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    The NHS is seventy years old

    The NHS is seventy years old

    Is it time for retirement?

    From its humble beginnings, the NHS is now the 5th largest employer in the world – only behind major corporates like McDonald’s and Wal-Mart. Interestingly these two are the only non-state run companies in the top five. With a workforce of 1.7 million and varying standards around the country, it’s an easy target for criticism.

    Every year the cost of the NHS increases as a result of growing demand and more money is given to support it. Wal–Mart would simply build another branch or online distribution to meet the same demand. So how do you manage this demand? There are two options normally considered – withdraw from sale or place a premium on the product or service in question. So here is where the difficulty actually is. The NHS service has an emotional attachment, so following any decision, whatever the outcome it will be an extremely unpopular one. Yet still, the fact remains that the NHS as it is now is not sustainable and cannot continue.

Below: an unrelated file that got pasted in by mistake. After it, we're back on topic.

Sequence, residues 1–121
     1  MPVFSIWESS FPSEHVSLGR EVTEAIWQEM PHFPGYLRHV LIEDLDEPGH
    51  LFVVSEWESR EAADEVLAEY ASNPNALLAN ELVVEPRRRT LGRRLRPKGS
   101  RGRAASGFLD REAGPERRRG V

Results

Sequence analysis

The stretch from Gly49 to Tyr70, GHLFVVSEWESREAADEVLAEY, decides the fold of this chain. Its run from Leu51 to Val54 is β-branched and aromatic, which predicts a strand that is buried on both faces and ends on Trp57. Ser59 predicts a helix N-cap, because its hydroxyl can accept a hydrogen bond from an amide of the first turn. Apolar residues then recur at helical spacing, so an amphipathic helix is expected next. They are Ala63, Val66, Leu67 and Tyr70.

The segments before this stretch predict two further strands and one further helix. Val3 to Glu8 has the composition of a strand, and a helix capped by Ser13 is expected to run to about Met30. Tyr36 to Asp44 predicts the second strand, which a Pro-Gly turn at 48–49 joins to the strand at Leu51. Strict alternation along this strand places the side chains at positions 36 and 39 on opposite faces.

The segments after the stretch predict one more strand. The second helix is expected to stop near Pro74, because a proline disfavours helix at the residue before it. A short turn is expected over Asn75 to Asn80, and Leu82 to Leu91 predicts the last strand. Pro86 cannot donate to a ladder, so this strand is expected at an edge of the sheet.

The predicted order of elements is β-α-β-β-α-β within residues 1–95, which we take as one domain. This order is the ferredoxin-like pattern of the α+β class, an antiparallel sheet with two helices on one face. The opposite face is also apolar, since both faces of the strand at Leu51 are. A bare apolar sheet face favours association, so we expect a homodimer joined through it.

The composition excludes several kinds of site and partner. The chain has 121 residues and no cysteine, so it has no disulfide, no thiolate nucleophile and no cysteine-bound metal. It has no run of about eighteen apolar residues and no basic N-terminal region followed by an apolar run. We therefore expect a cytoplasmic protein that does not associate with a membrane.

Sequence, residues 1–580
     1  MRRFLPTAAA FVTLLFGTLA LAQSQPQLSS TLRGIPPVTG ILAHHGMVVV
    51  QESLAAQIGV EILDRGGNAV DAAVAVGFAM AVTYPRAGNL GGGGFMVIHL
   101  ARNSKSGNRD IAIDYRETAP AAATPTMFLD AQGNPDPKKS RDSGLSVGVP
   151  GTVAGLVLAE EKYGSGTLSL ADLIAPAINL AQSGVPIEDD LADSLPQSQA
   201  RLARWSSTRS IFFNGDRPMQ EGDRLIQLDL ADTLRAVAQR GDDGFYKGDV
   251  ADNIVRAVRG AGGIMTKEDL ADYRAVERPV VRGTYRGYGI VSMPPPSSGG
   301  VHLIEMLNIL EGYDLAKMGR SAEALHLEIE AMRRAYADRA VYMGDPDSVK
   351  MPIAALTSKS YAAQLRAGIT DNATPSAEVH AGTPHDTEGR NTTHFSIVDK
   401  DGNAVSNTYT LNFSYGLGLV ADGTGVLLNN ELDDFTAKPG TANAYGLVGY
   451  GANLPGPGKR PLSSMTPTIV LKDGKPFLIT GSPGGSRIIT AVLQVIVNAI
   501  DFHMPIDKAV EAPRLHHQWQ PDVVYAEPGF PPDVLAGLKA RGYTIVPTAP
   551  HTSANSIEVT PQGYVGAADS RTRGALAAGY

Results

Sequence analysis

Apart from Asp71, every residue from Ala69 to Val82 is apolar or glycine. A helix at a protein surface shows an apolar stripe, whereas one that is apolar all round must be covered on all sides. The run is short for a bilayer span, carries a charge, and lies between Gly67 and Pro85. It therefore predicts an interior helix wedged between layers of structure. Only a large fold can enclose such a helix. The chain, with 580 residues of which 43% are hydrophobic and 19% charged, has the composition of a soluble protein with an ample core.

So is there an answer?

    The future of progressive healthcare lies with smaller businesses being able to react quickly without the ties of red tape. With the help of today’s technology and easier collaboration, funding opportunities and the vast amount of expertise available in the community as a whole, pressure could be relieved where it is strongest – such as A&E departments and physiotherapy waiting lists.

    An ageing population requires more medication, more equipment and more care. Most people believe in and support the NHS but when it comes to their own health or that of their family or friends, views may change. If something is available locally at a reasonable cost, especially when it avoids long waiting times – would it be sufficient?



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